COLUMBIA, Mo., Nov. 30 (UPI) -- A U.S. researcher says he's obtained compelling evidence that one and only one meteor impact caused the mass extinction of the dinosaur.
Dinosaurs -- along with the majority of all other animal species on Earth -- became extinct approximately 65 million years ago. Some scientists believe the impact of a large meteor in the Yucatan Peninsula caused the mass extinction, while others argue there must have been additional impacts or other stresses about the same time.
Now University of Missouri-Columbia Associate Professor Ken MacLeod and colleagues say their research strongly supports the single impact hypothesis.
"What we see is a unique layer composed of impact-related material precisely at the level of the disappearance of many species of marine plankton that were contemporaries of the youngest dinosaurs," said MacLeod. "We do not find any sedimentological or geochemical evidence for additional impacts above or below this level, as proposed in multiple impact scenarios."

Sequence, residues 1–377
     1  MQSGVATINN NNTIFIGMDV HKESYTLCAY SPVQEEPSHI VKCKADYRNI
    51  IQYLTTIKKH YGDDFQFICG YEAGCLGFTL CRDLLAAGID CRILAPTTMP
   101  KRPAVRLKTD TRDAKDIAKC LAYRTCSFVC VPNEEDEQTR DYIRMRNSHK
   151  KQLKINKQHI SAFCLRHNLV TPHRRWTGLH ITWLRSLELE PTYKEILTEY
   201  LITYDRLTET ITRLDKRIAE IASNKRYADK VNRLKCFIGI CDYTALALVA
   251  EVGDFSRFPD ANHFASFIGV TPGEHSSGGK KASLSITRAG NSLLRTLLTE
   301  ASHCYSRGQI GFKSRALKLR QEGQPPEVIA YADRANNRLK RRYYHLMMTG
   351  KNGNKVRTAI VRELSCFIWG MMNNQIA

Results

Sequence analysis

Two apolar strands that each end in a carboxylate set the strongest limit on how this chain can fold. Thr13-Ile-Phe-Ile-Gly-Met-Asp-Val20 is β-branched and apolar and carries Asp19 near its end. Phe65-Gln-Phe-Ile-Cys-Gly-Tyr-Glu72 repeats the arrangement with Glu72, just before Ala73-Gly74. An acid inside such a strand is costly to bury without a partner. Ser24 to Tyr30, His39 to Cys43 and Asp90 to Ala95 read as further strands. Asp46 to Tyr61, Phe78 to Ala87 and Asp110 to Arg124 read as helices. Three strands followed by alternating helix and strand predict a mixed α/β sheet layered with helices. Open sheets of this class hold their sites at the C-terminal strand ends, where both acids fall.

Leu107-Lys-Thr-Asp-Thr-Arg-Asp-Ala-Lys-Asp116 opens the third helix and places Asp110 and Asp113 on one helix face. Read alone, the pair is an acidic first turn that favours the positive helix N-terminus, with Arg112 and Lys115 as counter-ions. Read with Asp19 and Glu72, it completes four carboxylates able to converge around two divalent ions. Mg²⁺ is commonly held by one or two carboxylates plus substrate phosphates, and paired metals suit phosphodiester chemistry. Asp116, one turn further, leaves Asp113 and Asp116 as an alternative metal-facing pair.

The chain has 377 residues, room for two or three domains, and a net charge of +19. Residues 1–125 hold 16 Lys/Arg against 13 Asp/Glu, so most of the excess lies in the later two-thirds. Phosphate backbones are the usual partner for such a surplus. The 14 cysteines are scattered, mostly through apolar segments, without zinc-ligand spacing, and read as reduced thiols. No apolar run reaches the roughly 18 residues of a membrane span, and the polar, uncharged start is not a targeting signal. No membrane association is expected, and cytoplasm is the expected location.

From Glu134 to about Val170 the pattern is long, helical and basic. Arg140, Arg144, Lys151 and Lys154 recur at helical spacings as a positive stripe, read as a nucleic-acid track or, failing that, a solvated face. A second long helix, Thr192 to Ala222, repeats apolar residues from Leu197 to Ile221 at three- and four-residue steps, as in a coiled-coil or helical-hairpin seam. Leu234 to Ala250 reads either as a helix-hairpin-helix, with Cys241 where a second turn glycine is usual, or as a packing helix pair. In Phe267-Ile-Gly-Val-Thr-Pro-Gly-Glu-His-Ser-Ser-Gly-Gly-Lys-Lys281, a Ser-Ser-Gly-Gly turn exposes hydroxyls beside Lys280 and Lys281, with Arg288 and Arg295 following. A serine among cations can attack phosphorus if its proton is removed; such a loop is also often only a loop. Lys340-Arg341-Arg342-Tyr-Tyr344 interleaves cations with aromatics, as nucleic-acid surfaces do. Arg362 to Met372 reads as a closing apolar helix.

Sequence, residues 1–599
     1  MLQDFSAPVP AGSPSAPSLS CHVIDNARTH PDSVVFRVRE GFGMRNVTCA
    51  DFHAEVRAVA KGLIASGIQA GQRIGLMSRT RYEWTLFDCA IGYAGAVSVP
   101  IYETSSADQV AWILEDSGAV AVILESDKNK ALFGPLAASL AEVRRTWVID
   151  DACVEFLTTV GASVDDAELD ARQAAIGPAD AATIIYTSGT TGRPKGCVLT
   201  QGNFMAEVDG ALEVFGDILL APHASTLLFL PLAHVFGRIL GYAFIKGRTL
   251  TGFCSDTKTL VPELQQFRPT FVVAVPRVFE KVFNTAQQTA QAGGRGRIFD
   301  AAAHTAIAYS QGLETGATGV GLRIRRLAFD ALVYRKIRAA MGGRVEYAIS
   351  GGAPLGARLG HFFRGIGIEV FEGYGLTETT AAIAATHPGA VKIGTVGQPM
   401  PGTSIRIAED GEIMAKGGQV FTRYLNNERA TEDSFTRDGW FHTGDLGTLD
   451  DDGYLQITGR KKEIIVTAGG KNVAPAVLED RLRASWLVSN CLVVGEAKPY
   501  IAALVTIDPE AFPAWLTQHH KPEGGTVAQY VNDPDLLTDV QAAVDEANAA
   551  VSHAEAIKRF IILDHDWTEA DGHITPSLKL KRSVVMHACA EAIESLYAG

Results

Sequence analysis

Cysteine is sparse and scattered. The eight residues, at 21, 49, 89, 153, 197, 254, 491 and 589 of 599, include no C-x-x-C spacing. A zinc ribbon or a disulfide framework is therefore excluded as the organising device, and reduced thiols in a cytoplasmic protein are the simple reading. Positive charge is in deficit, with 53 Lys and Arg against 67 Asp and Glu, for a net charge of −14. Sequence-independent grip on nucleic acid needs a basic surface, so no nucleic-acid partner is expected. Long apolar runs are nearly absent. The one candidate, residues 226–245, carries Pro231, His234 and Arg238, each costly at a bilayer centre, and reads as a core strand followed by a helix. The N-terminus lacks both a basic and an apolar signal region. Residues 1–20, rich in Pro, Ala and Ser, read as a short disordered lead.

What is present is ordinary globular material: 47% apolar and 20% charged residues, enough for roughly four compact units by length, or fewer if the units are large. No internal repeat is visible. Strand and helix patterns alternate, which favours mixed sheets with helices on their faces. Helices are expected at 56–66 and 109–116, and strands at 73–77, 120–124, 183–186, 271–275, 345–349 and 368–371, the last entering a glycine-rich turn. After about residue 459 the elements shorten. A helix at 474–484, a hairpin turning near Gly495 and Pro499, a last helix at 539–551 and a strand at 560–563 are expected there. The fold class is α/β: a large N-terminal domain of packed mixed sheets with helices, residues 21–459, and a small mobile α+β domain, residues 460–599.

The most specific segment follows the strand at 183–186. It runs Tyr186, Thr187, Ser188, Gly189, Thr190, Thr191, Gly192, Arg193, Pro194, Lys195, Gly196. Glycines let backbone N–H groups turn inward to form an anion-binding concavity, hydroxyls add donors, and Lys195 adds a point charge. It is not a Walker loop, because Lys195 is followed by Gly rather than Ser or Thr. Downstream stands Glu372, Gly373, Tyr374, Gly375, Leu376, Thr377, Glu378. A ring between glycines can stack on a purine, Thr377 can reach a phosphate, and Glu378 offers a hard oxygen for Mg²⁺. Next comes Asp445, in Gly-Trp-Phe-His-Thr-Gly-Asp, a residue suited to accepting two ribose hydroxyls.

MacLeod and co-investigators Donna Whitney of the University of Minnesota, Brian Huber from the Smithsonian National Museum of Natural History, and Christian Koeberl of the University of Vienna recently reported their findings in the online version of the Geological Society of America Bulletin.